George Angus Barclay is buried in the Evergreen Cemetery in Brainerd, Minnesota. There are several stones in this plot. The very tall one to the left is George’s monument, the small one on the right is the son’s, George Alexander’s, tombstone and the one in front of the large monument is George’s Civil War stone. The shiny flat stone in the foreground is Amarilla’s.
Father, George Angus Barclay, Born Aug. 18, 1844, Died Oct. 29, 1898 Aged 54 Yrs, 2 Mos & 11 Days.
A Good Man is Known by His Works.
George and Amarilla’s first grandchild is also buried in this plot. R.S. McDonald is listed as the father. There is no stone for this baby but it is noted in the cemetery records.
Evergreen has placed their Directory of the dead online and you can click on the ? mark and go to Find A Grave for this cemetery and there is some very interesting links at Find A Grave. They are misspellings as well so be careful.
http://www.findagrave.com/cgi-bin/fg.cgi?page=cr&GRid=108429087&CRid=82259& Do a search for Urton, Barclay, Dawes and more. It is very interesting.
Warren Huffman had kind words for my great grandfather and stated in his own words in the 1973 Pine River Journal:
“The first winter was a hard one for new settlers to get started. George Barclay had the one store in Pine River and without the credit that he extended it would have been impossible to stay. George Barclay had his detractors, but he was a kind-hearted man and generous. He was a small man with a high-pitched voice. I remember him well, and we all felt a genuine sorrow and loss when he was shot by an unknown person as he sat reading in the lobby of the Barclay Hotel.” By Warren Huffman in his own words “As I remember … 1894, Pine River Journal (Newspaper), Cass County, MN. 1973.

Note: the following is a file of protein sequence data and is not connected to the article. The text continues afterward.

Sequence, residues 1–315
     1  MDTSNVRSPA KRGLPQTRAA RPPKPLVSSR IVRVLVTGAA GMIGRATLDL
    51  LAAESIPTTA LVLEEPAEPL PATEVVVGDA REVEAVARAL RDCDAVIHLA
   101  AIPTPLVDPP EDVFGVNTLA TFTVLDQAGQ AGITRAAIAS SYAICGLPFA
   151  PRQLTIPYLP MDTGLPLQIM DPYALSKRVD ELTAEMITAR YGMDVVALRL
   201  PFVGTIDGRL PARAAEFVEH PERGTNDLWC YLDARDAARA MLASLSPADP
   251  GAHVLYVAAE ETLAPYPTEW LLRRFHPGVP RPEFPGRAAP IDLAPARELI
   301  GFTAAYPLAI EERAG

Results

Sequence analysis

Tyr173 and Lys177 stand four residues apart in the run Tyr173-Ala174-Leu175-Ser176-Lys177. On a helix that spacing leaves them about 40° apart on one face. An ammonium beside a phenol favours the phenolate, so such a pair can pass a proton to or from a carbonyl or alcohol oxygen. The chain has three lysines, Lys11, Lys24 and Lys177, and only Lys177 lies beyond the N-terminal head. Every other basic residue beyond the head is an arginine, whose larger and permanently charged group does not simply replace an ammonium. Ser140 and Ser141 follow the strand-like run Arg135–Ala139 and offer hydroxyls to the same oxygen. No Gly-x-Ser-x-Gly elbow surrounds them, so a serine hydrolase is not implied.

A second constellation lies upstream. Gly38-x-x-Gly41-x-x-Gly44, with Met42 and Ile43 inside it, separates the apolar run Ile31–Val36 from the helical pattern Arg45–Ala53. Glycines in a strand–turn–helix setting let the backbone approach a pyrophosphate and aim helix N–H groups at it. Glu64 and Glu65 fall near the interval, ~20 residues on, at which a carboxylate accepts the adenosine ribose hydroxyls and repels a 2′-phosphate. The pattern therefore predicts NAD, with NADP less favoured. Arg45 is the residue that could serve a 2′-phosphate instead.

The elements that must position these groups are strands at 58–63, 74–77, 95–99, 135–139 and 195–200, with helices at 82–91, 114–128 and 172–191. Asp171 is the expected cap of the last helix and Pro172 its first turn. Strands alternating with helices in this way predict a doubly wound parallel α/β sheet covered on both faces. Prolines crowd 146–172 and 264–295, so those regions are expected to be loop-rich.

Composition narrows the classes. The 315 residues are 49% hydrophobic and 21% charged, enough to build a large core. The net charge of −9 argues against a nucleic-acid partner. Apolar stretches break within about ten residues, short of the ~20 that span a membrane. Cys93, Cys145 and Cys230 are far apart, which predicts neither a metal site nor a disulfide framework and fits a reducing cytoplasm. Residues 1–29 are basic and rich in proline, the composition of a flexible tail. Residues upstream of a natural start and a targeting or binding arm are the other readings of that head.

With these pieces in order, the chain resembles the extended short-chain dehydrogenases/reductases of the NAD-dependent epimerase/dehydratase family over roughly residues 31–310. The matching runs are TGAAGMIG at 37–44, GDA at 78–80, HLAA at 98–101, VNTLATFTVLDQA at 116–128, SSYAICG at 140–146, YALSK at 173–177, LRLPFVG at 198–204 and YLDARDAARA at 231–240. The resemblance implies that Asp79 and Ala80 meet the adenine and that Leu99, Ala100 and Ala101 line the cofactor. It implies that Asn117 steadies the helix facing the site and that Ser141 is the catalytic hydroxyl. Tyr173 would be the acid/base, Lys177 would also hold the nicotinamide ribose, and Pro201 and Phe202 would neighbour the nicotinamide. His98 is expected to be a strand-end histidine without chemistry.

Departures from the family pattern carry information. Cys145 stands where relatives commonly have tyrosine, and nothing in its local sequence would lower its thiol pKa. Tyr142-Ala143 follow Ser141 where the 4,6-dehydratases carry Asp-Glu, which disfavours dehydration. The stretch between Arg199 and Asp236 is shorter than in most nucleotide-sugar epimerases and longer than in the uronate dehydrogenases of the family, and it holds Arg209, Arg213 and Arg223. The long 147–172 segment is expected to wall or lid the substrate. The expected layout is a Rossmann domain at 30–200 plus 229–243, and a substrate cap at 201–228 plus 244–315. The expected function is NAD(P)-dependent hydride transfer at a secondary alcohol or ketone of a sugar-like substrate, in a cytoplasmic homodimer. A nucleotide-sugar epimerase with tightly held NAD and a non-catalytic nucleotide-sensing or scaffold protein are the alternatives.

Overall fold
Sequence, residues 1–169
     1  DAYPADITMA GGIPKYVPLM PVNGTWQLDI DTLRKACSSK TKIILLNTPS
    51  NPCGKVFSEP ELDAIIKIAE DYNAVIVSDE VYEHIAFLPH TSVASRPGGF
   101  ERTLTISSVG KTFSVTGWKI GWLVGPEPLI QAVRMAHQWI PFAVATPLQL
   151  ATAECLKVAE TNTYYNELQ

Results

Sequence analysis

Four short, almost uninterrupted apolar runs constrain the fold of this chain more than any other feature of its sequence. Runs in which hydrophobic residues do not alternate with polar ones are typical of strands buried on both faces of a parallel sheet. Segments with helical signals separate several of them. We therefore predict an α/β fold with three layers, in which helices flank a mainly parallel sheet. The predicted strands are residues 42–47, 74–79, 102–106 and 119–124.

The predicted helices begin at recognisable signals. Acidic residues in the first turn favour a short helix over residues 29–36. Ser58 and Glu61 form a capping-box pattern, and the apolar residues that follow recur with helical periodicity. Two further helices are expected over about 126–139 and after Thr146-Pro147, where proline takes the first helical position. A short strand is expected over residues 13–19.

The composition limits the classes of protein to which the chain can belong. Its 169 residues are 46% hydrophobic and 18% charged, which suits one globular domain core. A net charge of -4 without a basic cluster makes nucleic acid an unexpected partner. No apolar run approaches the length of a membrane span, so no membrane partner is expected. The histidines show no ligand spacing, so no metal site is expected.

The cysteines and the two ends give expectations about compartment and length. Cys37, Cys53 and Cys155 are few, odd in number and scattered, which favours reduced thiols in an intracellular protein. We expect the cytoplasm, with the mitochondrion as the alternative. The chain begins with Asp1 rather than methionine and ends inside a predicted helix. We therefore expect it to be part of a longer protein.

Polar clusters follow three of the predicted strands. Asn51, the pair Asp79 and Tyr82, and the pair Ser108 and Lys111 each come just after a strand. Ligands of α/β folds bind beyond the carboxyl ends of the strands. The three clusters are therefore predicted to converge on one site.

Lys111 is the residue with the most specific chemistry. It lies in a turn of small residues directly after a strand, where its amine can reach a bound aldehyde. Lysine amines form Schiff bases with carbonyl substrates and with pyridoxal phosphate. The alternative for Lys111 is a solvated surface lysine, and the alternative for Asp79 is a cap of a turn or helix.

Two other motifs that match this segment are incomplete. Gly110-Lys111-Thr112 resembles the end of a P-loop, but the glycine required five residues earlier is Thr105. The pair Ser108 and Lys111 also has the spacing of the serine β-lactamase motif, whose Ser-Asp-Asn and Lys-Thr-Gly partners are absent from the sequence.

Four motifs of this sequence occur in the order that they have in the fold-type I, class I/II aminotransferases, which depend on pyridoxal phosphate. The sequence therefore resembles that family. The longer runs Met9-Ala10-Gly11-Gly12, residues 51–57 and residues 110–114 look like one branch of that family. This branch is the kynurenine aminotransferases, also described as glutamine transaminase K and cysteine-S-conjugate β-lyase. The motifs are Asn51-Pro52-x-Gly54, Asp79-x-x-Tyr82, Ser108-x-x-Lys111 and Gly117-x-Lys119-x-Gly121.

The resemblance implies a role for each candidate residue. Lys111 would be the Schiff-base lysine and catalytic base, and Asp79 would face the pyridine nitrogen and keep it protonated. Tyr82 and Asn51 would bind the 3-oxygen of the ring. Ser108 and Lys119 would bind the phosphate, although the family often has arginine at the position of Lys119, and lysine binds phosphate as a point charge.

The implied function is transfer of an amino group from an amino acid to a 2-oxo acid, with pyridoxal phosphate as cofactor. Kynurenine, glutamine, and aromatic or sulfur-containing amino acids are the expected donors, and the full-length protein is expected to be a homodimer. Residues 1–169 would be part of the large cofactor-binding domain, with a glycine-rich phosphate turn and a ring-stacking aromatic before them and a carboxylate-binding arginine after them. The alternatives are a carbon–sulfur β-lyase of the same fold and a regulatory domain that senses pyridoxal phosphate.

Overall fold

Amarilla is also buried there and upon my first visit she did not have a tombstone. There is one there now. More on her death in future posts.
This is probably where the funeral ceremony for George A. Barclay took place. I can picture Amarilla, Grace, R.S. McDonald and Alexander gathered there by the grave. How did they bring the casket in an open wagon or in a funeral wagon? Who else was there? Did the G.A.R. perform a military ceremony for this Civil War veteran? So many questions…